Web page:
Jordin Sparks - Battlefield (2009)

Jordin Sparks
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Let's start off with the admission that I'm too male and way too old to be in Jordin Sparks' demographic, so there is no way I will ever appreciate her perky mix of pop and R&B to the same extent as, say, my 12 year old daughter.  That being said, it was tough two years ago not to be taken with the toothy, immensely likeable 17 year old whose cover of "I (Who Have Nothing)" and dramatic growth over the final two months of competition catapulted her from an afterthought to the easy winner of American Idol Season Six.  She took that instant fame and did exactly what she should have with it: she released a very radio friendly debut album that allowed her to play to her teen peers with songs like the catchy "Tattoo" and "No Air," her Grammy nominated smash duet with the pre-radioactive Chris Brown.  That the disc never captured the personality Sparks showed on national television (much of which was buried in that perfect smile) was a minor disappointment, but in the teen g

Let's start off with the admission that I'm too male and way too old to be in Jordin Sparks' demographic, so there is no way I will ever appreciate her perky mix of pop and R&B to the same extent as, say, my 12 year old daughter.  That being said, it was tough two years ago not to be taken with the toothy, immensely likeable 17 year old whose cover of "I (Who Have Nothing)" and dramatic growth over the final two months of competition catapulted her from an afterthought to the easy winner of American Idol Season Six.  She took that instant fame and did exactly what she should have with it: she released a very radio friendly debut album that allowed her to play to her teen peers with songs like the catchy "Tattoo" and "No Air," her Grammy nominated smash duet with the pre-radioactive Chris Brown.  That the disc never captured the personality Sparks showed on national television (much of which was buried in that perfect smile) was a minor disappointment, but in the teen girl singer niche the bar has rarely been very high.

So for her sophomore release, Battlefield, the now 19 year old Ms. Sparks has decided to largely mimic the popular passages of the script from round one, focusing even more narrowly on the tiresome electronic pop sound that dominates teen radio in 2009. Rihanna clearly appears to be the model for much of the album, which boasts a heavy-handed electronic sound that is so generic you half expect the disc to be titled "Acme."  Sparks' voice, while attractive, has never been particularly distinctive on record, and the by-the-numbers production plays to her weakness, effectively demoting her to a virtual background singer on the disc's upbeat tunes. Rihanna's sexy phrasing allows her to make even average material interesting, but Sparks simply doesn't have the chops to do the same. And unfortunately, the bevy of producers here doesn't supply material anywhere near the quality of "No Air," much less at the level of Rihanna's Good Girl Gone Bad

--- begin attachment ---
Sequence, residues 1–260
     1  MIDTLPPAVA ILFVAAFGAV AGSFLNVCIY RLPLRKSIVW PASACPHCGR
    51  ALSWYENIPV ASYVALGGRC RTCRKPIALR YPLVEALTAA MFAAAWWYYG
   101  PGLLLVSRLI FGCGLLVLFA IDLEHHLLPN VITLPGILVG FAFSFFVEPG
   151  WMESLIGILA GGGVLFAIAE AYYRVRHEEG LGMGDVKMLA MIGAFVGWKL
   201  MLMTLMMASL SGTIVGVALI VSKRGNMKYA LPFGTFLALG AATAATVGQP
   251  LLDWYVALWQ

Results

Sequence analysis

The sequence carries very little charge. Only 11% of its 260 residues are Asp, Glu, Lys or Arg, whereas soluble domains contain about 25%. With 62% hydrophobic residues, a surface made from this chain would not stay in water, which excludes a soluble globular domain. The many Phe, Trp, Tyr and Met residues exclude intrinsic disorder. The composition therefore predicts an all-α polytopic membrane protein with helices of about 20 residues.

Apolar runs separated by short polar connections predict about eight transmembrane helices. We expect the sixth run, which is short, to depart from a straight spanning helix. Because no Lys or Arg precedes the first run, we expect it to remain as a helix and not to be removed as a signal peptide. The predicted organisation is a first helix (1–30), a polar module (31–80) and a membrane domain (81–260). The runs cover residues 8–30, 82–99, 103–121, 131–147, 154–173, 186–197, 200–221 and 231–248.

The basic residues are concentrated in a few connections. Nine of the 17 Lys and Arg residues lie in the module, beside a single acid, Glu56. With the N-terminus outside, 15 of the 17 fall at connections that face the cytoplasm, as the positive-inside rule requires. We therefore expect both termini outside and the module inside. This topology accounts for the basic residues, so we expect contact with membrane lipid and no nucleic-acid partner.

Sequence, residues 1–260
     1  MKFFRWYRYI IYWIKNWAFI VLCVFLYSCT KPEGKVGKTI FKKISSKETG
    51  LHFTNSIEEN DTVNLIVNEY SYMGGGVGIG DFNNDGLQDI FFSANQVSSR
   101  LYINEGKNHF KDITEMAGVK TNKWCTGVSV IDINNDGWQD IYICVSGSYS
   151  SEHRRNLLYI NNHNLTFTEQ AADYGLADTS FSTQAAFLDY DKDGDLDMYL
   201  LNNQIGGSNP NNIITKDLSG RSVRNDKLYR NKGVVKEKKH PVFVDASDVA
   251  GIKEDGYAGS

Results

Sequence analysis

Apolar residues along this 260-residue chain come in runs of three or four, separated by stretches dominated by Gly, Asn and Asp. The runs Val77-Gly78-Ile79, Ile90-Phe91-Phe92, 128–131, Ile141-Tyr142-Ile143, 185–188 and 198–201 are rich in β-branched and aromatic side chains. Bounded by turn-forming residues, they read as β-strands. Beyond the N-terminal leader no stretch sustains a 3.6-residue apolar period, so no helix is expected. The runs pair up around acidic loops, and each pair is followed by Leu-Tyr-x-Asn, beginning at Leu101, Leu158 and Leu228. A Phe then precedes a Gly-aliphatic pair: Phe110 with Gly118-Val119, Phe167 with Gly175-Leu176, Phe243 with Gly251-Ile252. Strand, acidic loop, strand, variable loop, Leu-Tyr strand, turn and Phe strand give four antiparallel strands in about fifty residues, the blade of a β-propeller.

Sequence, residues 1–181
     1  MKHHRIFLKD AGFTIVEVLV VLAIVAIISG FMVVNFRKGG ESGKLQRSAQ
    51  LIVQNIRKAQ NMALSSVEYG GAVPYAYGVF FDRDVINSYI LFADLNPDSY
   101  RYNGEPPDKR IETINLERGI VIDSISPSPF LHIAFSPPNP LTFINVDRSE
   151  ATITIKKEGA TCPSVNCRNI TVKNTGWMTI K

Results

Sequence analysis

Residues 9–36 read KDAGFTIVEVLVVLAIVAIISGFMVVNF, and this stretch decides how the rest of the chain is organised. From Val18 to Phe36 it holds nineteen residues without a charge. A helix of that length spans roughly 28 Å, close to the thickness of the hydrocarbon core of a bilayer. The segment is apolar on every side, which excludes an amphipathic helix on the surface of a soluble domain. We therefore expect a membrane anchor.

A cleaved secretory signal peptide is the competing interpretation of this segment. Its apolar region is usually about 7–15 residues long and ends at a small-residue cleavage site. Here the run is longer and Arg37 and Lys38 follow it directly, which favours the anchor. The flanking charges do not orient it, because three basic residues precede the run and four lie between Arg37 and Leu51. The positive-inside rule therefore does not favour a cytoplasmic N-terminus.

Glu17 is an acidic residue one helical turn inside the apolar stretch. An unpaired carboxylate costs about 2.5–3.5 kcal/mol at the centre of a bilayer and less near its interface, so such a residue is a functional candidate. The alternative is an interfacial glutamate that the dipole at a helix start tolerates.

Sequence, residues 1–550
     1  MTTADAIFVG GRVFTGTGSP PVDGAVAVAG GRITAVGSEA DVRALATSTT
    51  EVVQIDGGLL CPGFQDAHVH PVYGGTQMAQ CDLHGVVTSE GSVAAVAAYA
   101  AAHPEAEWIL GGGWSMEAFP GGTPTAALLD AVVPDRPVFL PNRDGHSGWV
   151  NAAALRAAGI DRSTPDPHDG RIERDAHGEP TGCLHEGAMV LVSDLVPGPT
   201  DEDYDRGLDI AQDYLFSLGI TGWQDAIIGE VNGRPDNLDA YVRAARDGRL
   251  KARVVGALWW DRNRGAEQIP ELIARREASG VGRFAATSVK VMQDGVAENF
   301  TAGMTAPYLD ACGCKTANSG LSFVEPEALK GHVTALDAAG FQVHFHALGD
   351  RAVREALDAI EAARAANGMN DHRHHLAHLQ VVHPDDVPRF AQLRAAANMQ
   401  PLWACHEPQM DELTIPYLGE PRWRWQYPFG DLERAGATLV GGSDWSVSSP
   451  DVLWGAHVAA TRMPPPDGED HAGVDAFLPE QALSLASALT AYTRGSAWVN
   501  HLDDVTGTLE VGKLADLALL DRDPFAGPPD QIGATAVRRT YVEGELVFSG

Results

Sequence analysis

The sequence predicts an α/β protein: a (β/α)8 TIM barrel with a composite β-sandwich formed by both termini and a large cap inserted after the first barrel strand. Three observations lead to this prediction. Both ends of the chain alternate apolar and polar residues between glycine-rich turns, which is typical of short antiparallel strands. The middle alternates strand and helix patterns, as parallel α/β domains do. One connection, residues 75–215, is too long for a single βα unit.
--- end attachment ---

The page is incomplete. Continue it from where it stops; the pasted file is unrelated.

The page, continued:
But Battlefield does have a moderately happy ending. Sparks takes more control of the last third of the disc, which features four self-penned songs: the very enjoyable Rihanna-like "Emergency (911)," on which Sparks sounds refreshingly (and uncharacteristically) flirty, and three ballads ("Was I The One," "The Cure" and especially "Faith") that are quite a departure from the rest of the disc.  The latter are both more traditional and simply a better fit for Sparks -- oh, and they're better songs, too.  At a minimum they give a more personal feel to an otherwise impersonal album.  At best, they give me hope that there is something more out there in Jordin Sparks' future: a developing talent that will allow her to move beyond a telegenic 19-year old producer's tool and into a more complete artist who has a better sense of her sound than all the hitmakers thrown at her by Clive Davis and company.  But for now, her work in the latter part of Battlefield saves it from being a bland, faceless washout...and we'll settle for that. Mildly recommended.

By Chris Rizik

 

 

 
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